from Robert Bly’s The Eight Stages of Translation
We translated the poem into English in the third stage. In the fourth stage we translate the poem into American…. that is, if we speak the American language. In England, we would translate it into spoken English. It’s the spoken quality that this stage aims at. The idea that a great poem should be translated every twenty years is rooted in an awareness of how fast the spoken language changes. We need the energy of spoken language as we try to keep a translation alive, just as we need the energy of the written.
[…] The aim is not street language, not slang as such nor the speech rhythms of half-educated people, but rather the desperate living tone or fragrance that tells you a person now alive could have said the phrase. Robert Frost believed in such rhythms and wrote of them brilliantly; he called the fragrance “sentence sound.” Perhaps one in one hundred sentences we hear or read has “sentence sound.” […] it isn’t the rational mind that understands these distinctions but the ear and the ear’s memory.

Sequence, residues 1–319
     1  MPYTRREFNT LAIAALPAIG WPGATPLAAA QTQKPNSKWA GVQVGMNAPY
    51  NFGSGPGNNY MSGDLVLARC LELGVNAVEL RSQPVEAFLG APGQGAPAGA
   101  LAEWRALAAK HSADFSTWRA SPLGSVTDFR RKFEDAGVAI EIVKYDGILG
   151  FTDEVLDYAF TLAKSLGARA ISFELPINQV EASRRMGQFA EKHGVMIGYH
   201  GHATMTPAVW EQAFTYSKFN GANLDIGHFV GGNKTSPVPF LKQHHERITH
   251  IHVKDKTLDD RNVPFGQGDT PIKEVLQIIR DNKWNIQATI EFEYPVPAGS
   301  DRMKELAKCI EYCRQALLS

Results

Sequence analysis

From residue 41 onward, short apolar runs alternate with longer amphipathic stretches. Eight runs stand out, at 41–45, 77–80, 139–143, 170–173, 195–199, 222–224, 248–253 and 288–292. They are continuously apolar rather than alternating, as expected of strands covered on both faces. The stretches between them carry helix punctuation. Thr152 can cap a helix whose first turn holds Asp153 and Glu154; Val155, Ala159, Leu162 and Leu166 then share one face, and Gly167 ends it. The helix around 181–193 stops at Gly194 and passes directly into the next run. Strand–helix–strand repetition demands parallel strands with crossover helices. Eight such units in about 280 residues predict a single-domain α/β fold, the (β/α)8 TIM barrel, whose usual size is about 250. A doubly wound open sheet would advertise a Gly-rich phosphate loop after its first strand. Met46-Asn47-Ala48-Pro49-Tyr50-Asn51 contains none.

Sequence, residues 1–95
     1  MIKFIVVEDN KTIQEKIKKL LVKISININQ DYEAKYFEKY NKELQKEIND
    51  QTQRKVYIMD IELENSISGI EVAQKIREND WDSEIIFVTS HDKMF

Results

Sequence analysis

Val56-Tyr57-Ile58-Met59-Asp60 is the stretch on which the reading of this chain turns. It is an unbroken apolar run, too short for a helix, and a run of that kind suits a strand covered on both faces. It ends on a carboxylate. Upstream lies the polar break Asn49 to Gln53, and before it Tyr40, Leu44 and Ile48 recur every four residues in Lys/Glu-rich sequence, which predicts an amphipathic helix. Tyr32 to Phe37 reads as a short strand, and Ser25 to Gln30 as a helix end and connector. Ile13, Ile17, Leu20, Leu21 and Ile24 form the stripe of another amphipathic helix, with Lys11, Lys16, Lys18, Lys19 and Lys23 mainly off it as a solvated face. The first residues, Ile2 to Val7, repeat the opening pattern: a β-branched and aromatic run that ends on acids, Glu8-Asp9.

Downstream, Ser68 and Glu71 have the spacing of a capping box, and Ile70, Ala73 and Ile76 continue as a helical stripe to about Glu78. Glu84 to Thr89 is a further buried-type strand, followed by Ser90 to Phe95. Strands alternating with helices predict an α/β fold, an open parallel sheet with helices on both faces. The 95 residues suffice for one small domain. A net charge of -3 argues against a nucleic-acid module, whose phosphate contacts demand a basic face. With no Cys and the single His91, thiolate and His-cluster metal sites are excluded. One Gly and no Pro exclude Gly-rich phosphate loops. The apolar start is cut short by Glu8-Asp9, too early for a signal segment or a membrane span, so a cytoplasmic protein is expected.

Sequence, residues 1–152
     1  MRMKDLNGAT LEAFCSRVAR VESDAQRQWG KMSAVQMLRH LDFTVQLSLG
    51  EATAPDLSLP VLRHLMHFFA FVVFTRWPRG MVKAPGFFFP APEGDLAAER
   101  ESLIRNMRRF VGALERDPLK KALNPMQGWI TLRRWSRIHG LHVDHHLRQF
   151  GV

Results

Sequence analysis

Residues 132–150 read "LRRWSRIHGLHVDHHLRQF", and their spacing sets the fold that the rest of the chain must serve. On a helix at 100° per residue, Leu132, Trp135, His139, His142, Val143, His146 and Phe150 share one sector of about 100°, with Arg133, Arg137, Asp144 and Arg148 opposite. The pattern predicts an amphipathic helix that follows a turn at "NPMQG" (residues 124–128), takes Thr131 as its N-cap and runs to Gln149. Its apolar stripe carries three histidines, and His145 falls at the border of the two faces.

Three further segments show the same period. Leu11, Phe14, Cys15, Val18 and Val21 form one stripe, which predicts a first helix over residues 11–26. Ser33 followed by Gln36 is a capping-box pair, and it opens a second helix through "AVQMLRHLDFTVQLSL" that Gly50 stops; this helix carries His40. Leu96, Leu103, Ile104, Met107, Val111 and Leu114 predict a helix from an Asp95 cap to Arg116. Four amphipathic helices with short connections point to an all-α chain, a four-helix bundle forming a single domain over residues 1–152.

So during the fourth stage we begin to need the ear. […] Asking the ear about each phrase, asking it, “Have you ever heard this phrase spoken?” is the labor of this draft. The ear will reply with six or seven new phrases, and these act to shake up the translation once more and keep it from solidifying. The language becomes livelier, fresher, lighter. Many translators stop before this stage; some of them have an exalted idea of the poet and think Rilke uses written German; others associate literature with a written language, with written English—many academic translators have this habit—and it never occurs to them to move to the spoken. Nineteenth-century translators in general rarely took this step; it was Whitman, Pound, and William Carlos Williams who sharpened everyone’s sense for spoken English and spoken American. The marvelous translation that is now being done in the United States, work that has been going on for thirty years or more, is partly a gift of these three men and their faith that poetry can be composed in spoken rhythms.